Stresses in trees may be caused by natural factors and conditions or through the activities of man or animals. These factors may be chronic (recurring and lasting for a long time) or acute (immediate impact). Examples of chronic damage are wet soils caused by site selection, soil compaction or poor nutrition. Acute damage includes flooding, freezing conditions, severe construction damage and deer browsing.
Tree stresses may be very dramatic and obvious or not easily observed or recognized. Obvious stresses may include basal damage or storm damage. Stresses from grade changes, soil compaction or pollution are not very visible.
Trees often do not display immediate responses to stresses because of their accumulated growth habit. However, with stresses come several changes within the tree depending on the damage caused by the stress. In some cases, the process of photosynthesis, which is the primary supply of carbohydrates for all tree functions, is reduced and the tree’s stored food reserves are depleted.
When root systems are damaged by construction damage, compaction or poor drainage, they cannot supply adequate water and nutrients for the trees growth and survival. When this happens, often the tree is unable to produce sufficient carbohydrates and growth regulating chemicals.
When trunks or stems are damaged, the carbohydrates movement to where it is needed for growth and function is stopped, and may result in death of roots or other growing points of the tree. The end result of these reduced processes is that the tree, at best, operates at less than peak efficiency and in many cases it begins a downward spiral of all of its growth functions.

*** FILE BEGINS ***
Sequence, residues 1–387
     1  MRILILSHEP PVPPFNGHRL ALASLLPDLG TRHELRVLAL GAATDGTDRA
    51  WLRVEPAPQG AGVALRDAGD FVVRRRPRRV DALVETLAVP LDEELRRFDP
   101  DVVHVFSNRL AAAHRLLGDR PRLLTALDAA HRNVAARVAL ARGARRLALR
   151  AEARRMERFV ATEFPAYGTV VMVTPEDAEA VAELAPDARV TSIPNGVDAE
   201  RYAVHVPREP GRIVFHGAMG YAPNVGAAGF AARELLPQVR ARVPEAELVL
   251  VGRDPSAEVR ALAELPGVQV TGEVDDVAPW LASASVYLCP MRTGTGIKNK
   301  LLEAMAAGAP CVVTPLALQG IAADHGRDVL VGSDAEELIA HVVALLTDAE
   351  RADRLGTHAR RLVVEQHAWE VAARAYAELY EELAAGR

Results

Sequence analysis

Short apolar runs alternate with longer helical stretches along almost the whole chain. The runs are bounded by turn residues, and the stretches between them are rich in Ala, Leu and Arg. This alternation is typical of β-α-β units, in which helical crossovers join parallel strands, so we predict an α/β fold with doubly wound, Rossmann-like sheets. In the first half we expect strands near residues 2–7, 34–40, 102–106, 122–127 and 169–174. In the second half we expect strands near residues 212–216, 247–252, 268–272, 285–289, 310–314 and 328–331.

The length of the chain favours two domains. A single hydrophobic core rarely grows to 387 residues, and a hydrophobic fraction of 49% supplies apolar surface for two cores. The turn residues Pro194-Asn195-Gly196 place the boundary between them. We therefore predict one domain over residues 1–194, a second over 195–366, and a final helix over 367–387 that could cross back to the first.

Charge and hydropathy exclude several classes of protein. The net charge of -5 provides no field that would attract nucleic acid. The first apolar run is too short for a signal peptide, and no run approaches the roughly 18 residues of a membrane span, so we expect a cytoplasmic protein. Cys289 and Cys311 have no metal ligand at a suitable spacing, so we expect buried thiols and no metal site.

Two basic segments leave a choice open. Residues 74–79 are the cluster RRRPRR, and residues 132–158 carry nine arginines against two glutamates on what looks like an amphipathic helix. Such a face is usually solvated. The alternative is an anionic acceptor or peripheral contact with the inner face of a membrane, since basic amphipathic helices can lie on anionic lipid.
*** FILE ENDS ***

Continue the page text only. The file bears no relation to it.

As stresses continue, the tree does eventually exhibit external symptoms. Annual incremental growth is reduced and becomes significantly less than normal. Leaves may be fewer in number and smaller in size. Sometimes, the tree produces excess fruit or seed as a survival mechanism. The tree may exhibit summer scorch symptoms because of insufficient water provided to the leaves during dry weather.
With continued stresses, branches begin to die, and at the same time the root system of the tree is reduced because the crown is producing inadequate food for good root expansion and growth. These processed continue into a downward spiral, usually resulting in the continued decline and eventual death of the tree over a period of 2-15 years. In most cases, once the tree has tipped the balance of not providing sufficient carbohydrates for continued growth of the tree, it cannot recover.
If the physical stresses do not kill the tree, it often will be exposed to more stresses through opportunistic diseases and insect attacks. These biotic attacks may speed up and/or complete the demise of the tree.
Much of the survival, growth and health of our woody vegetation in our landscapes is dependent on the homeowner working to prevent stress and provide the optimal growing environment for the tree. This may begin with plant selection to ensure that the selected plant will perform well on the specific site and soil.